You get the impression that most of the fell runners don’t mind. Feet in the Clouds is a love letter to the landscape of the fells, and by interweaving the story of his own 5-year quest to achieve the Bob Graham Round, Askwith transports the reader to a world in which being harassed, humiliated and humbled by Mother Nature is the only thing that matters in life. It is simply an astonishing book, featuring the most captivating writing of any sports book I have ever read. For a while after reading it, you too will be inspired to drive up the M1, put on your spikes and take on Scafell Pike. Then you will come to your senses, realise that these people are quite, quite mad, consider getting a pint at a Keswick pub, and book tickets to see the world’s longest colour pencil instead.

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“The Ghost Runner: The Tragedy of the Man They Couldn’t Stop” by Bill Jones

I’m a big believer in the idea that single moments in time can change the whole course of someone’s life. In my own case, it was a fateful decision in 1996 to stop eating Pickled Onion Monster Munch, an act that made me (and my breath) immeasurably more popular with the opposite sex.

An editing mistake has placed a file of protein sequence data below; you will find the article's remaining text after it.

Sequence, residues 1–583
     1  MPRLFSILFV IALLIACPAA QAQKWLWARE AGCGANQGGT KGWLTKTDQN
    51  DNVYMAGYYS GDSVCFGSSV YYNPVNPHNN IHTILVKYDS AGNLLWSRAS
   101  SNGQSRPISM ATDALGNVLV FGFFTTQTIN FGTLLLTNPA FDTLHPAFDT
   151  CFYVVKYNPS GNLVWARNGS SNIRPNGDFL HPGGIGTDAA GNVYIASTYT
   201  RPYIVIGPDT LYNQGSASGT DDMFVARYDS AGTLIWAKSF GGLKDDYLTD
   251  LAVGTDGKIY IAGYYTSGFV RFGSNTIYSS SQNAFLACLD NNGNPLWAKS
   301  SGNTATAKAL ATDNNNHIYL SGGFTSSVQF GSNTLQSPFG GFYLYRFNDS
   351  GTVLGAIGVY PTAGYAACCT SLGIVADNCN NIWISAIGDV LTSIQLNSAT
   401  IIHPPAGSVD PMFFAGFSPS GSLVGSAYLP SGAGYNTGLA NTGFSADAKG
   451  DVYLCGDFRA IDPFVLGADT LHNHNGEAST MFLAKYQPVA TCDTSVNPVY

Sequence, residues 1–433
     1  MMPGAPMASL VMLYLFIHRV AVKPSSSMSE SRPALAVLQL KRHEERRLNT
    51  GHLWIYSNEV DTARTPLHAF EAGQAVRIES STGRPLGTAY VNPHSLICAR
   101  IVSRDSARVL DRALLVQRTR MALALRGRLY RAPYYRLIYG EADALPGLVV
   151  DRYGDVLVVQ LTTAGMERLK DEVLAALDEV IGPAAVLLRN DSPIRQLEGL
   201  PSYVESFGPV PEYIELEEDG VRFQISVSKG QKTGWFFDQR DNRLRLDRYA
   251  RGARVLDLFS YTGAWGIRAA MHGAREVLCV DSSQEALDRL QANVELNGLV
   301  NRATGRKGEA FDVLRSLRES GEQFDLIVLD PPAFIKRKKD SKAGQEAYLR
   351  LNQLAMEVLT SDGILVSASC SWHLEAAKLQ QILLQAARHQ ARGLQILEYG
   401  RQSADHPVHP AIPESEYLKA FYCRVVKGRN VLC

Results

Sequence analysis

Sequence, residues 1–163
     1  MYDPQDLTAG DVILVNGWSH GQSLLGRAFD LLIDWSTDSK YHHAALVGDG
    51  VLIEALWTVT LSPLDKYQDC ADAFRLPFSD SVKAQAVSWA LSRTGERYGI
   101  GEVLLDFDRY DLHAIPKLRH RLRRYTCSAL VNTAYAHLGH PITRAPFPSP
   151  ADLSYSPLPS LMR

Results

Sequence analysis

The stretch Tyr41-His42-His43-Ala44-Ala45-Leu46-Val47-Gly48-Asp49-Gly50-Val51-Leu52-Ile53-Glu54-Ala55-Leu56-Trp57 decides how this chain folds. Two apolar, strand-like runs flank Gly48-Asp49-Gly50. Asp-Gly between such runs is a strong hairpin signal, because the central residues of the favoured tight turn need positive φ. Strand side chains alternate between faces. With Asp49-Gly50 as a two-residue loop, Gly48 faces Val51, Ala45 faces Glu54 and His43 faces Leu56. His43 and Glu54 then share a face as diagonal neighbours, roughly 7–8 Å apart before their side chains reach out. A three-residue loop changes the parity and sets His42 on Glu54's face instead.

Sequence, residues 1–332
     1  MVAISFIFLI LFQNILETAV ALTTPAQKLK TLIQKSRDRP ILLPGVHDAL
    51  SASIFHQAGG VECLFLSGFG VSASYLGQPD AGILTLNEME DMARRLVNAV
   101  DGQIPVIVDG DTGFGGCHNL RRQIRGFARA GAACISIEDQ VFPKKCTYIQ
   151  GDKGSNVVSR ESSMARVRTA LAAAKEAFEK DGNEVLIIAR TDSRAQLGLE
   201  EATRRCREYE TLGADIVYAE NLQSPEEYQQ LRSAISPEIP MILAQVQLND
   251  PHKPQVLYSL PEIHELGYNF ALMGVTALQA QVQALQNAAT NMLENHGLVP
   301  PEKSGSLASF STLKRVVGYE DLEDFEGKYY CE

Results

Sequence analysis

For John Tarrant, the subject of this book, it was his teenage decision in 1950 to accept £1 for fighting in a local boxing match, unaware of the consequences. That seemingly simple act would result in him being branded a ‘professional sportsman’ and banned from all amateur sport for life, based on the strict codes of the time. When Tarrant tried to join Salford Harriers running club a few years later, having realised he was a terrible boxer but a talented runner, he was suddenly confronted with the full force of an establishment that refused to let him in. Given that most road races were run under amateur rules, he was effectively banned from participating in any running event. Just imagine. No London Marathon. No Great North Run. Even the Didcot 5 would be off-limits.

The Ghost Runner is the story of what happens when a relentlessly pig-headed man faces up to an unforgivably uncompromising and out-of-touch bureaucracy. Prevented from competing legitimately in marathons and other distance events, John Tarrant began ‘ghosting’ at races, turning up on a motorcycle in disguise at the last minute , then leaping off and joining the pack. Stewards would try and catch this man without a racing number, but he could always outrun them. The press loved him, and the moniker of ‘ghost runner’ stuck.